Liturgy. It took months to come up with the spare, unpolished altar that
would dominate the sanctuary.
Cardinal designed a “light canon” — essentially a hole
in the roof — over the altar.
“I wanted divine light coming from the altar,” he said. “That’s
the sacrifice, the table of sacrifice. It should be the symbol of Christ.
So light should emanate from the altar.”
The roof itself became a tent-like baldacchino hovering
over the altar. Merx’s last church had burned down, so he wanted
this one made of pure masonry and concrete. It was a tall order for a
“They told me it was impossible, with 81,000 simultaneous calculations
to be solved. They said it would take 100 years,” recalled Cardinal.
“I want the sound of the church to ring like a cathedral so that
when the priest said ‘Dominus vobiscum’ it would go ‘Dominus
vobiscum-um-um-um,’ ” he said. “Those beautiful Gregorian
chants, I wanted them to sound properly in the church.”
Cardinal rooted his design in the spirit of baroque architecture, with its moving, dynamic forms.
The result is something architecture students everywhere study, said
Toronto architect Roberto Chiotti.
“Cardinal’s church in Red Deer always comes up as one of
the case studies,” said Chiotti. “It’s very influential
on the students and some of their designs.”
But Merx and Cardinal’s vision suffered in the post-Vatican
II era. Merx was transferred to a northern mission almost as soon as
the church was completed.
“Which really broke his heart,” said Cardinal. “He
wanted to be there, but he was too liberal for the community.”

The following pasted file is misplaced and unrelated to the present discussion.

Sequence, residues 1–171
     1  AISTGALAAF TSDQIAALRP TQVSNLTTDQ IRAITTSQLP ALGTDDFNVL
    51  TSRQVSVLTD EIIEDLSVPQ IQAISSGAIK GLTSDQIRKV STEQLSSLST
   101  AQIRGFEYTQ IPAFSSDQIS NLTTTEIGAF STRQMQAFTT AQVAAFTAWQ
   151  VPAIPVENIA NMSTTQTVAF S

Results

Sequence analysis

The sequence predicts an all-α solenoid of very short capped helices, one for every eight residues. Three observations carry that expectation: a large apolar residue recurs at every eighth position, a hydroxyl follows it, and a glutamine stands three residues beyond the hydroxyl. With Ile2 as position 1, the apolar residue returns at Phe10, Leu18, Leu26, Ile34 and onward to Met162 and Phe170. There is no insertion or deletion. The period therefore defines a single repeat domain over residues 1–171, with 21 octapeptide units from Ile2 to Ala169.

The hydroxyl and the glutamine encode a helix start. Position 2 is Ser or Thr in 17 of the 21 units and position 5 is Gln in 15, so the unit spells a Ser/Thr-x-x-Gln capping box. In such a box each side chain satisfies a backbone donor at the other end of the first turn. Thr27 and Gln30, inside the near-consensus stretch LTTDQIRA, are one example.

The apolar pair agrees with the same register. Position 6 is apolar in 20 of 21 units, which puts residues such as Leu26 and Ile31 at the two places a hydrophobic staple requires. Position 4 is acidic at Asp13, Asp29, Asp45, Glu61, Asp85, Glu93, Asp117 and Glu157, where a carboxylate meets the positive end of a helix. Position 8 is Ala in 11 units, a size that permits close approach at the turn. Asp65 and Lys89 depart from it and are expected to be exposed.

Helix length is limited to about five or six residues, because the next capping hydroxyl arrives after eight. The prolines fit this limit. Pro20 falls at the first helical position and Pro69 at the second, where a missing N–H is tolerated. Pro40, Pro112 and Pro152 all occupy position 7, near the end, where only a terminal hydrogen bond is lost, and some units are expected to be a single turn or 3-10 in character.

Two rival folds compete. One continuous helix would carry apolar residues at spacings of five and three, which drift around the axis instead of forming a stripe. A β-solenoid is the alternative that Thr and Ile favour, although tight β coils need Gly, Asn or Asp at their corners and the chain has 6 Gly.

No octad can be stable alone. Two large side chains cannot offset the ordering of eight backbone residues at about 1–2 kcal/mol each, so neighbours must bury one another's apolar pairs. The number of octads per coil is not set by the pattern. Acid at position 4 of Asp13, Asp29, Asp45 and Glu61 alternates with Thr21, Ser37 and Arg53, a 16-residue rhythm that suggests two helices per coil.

Subsequent pastors and parishioners found the design too austere and
too far off the beaten path of regular church architecture.
“No, they don’t get it. They put all those horrible statues
in there. They’ve got . . . ugh!” Cardinal said.
At one point another architect was brought in to remove
the baptistry from the entrance, where it had been a symbol of initiation
into the church, and to make things a little more conventional. Cardinal
tried to sue for the moral rights to his design, but the courts were
reluctant to limit the parish’s right to dispose of its property.
When the church was built it stood alone on the horizon — a mysterious
and beckoning shape. Today, it’s surrounded by a suburban subdivision
with houses and schools. The bell tower still stands above the entrance,
but the parish has never commissioned a peal of bells to occupy the trinity
of open spaces left for them in the wall.
Despite all these disappointments and compromises, St.
“It’s captured in any historical anthology or survey of Canadian architecture. It would likely be in any major anthology of church architecture because it’s so unique in its form,” said Chiotti. “Cardinal came along just at that moment when we were trying to articulate Vatican II and what does it mean. It’s a major transformation. He was a leader in trying to give tangible, meaningful expression to the documents as they would manifest themselves in church architecture. It was very courageous and bold.”